June 16, 2021
Redefining flexibility — A conversation with Kelly Battelle
In this third installment of the “Redefining work” series, we continue to consider this question: How will our workplaces change for the better as a result of the immense challenges of the last year? When COVID-19 forced most of us to adjust to a work-from-home lifestyle, perceptions of where and when employees can work effectively changed drastically.
Up to that point, many companies thought of flexibility as a perk — something nice to have in theory but vulnerable to abuse. Now it’s a necessity. People have proven they can stay productive while working remotely or on non-traditional hours, and they expect their jobs to provide the flexibility they need for their quality of life. As the labor market becomes more competitive than ever, those that aren’t getting it from their current employer will go elsewhere.
For a more on-the-ground perspective, we spoke with Kelly Battelle, Chief People Officer at GumGum. Battelle shared that the pandemic disrupted a thriving culture at GumGum’s Santa Monica office. “People were going out to lunch together, there were dogs in the office, and we had intentionally created a creative, fun office to be in. We didn’t abandon any rituals, we just transitioned them to work for us as we transitioned to working from home, but still, it’s not the same.”
Like many companies navigating a return to the office, GumGum is hearing that team members are concerned about losing flexibility, Battelle said. She points out that the term “hybrid workplace” is too vague to be helpful: “There are ten versions of the hybrid model. Will there be required days for people to come into work? Will employees come into the office whenever they like? What does it really mean to everyone?”
Where possible, facilitate successful re-entry by offering as many choices and options as you can. Two years ago, this might have been unthinkably risky, but today we know the importance of trusting our people, many of whom have worked hard for over a year to earn that confidence.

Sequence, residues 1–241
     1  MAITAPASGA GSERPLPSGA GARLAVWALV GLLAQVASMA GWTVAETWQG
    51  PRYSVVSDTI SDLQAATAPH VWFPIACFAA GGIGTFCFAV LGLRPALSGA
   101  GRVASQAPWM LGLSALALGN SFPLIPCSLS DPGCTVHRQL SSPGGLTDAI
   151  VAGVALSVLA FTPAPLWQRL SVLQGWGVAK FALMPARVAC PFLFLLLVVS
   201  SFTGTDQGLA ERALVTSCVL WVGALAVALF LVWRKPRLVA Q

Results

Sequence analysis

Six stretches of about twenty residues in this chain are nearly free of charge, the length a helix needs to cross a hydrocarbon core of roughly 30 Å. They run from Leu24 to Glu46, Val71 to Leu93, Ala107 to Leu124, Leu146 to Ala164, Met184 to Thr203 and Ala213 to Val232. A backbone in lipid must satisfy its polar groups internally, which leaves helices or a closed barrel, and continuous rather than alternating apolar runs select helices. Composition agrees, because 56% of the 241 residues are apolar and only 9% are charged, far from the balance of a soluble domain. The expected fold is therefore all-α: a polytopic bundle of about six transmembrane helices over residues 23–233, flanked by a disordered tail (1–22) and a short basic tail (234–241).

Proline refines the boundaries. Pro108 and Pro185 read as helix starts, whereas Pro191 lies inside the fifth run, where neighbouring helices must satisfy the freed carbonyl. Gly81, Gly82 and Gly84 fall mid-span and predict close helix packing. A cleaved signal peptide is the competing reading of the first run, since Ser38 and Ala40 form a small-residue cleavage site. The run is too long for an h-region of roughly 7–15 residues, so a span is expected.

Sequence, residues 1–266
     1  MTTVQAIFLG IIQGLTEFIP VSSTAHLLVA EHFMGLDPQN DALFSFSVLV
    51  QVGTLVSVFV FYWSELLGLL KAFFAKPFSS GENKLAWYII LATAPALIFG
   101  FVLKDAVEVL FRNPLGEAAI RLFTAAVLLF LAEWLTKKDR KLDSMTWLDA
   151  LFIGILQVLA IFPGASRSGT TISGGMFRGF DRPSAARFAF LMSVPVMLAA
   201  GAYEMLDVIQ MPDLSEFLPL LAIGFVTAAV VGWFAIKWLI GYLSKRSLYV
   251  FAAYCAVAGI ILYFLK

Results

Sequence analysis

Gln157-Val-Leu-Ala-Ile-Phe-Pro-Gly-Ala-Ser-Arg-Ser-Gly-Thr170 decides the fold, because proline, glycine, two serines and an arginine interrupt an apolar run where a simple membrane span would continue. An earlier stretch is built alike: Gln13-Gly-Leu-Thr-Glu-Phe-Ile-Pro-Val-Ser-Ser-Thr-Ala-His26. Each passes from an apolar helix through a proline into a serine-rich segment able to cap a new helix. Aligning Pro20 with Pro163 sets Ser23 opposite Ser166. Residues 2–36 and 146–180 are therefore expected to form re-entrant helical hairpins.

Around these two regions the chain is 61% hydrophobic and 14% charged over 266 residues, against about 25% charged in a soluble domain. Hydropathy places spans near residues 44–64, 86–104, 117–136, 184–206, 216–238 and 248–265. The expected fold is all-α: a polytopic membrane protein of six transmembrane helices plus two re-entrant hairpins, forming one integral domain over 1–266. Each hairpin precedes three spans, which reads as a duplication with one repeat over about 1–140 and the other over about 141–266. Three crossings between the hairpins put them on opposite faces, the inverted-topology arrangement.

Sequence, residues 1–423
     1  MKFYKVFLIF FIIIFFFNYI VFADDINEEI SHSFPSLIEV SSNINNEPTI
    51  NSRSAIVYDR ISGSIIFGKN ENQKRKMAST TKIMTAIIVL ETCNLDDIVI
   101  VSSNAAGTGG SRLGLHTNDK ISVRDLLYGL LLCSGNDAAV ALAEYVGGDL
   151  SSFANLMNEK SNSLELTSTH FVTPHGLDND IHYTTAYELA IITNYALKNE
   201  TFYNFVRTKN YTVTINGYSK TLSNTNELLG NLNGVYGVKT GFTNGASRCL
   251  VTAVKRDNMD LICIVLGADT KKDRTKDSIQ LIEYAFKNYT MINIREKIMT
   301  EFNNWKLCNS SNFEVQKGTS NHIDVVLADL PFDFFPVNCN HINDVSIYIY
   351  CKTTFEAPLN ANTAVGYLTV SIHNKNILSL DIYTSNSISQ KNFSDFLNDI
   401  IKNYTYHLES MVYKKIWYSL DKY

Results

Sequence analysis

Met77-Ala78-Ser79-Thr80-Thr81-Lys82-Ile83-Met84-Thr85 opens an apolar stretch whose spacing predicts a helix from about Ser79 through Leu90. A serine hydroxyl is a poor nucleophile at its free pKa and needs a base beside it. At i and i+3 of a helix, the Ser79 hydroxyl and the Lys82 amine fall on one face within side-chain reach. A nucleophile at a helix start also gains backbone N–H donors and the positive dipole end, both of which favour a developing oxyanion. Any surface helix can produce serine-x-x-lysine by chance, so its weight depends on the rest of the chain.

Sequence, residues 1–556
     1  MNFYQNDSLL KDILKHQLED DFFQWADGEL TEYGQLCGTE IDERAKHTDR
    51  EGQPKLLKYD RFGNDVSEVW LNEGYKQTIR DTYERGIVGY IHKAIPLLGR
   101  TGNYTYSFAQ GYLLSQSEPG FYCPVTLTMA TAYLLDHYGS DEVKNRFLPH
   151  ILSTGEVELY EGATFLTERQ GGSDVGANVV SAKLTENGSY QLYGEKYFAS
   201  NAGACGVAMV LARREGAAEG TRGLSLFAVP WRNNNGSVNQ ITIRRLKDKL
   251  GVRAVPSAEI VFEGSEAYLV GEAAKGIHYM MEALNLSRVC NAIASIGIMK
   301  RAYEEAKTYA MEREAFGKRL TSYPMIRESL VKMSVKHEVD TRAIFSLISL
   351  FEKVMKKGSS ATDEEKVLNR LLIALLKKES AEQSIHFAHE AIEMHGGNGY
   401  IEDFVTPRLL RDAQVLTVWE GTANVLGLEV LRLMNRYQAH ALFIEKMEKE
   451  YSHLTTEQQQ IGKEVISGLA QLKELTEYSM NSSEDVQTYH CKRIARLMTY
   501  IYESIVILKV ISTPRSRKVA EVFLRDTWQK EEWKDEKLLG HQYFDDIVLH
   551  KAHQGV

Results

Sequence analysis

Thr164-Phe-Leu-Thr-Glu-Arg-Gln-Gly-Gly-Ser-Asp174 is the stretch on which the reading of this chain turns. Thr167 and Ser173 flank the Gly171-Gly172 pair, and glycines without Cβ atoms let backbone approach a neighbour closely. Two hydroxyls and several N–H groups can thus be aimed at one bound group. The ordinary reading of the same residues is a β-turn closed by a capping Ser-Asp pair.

As Battelle and the GumGum team navigate these questions and decisions, they also explore what it would mean to re-organize the physical office. Options many companies are considering include hot desks and lockers for more efficient sharing of space, adding additional meeting rooms, and investing in better virtual conference technology.
Battelle adds, “I think about the meeting after the meeting, when we turn off the Zoom and walk down the hall and discuss it further.” The informal conversations she’s describing can be very impactful as sources of innovation and bonding. A hybrid setup creates inequities — some team members will get to participate in these moments of serendipity, while others will be left out.
This isn’t possible to fully recreate in a hybrid environment — and, in fact, some remote employees may relish their uninterrupted heads-down time. Managers should have conversations with their reports about how they prefer to have the kind of impromptu non-urgent conversations that happen all the time in an office. Are they the type to hop on a video call, or hash things out on Slack in real-time, or would they rather “hold that thought” for your next scheduled meeting?
Where to begin? Battelle suggests starting with a pulse survey to understand how your people are feeling about remote work and the possibility of returning to the office. What has them excited, what are their concerns, and what’s their ideal solution? Of course, set expectations that you’ll have to weigh these considerations against other factors, like existing lease agreements and client needs.
If your company hasn’t redefined its notion of flexibility, you should know that your employees already have. The way forward will require leaders to be more trusting, open-minded, and willing to put power in the hands of employees to advocate for their needs.
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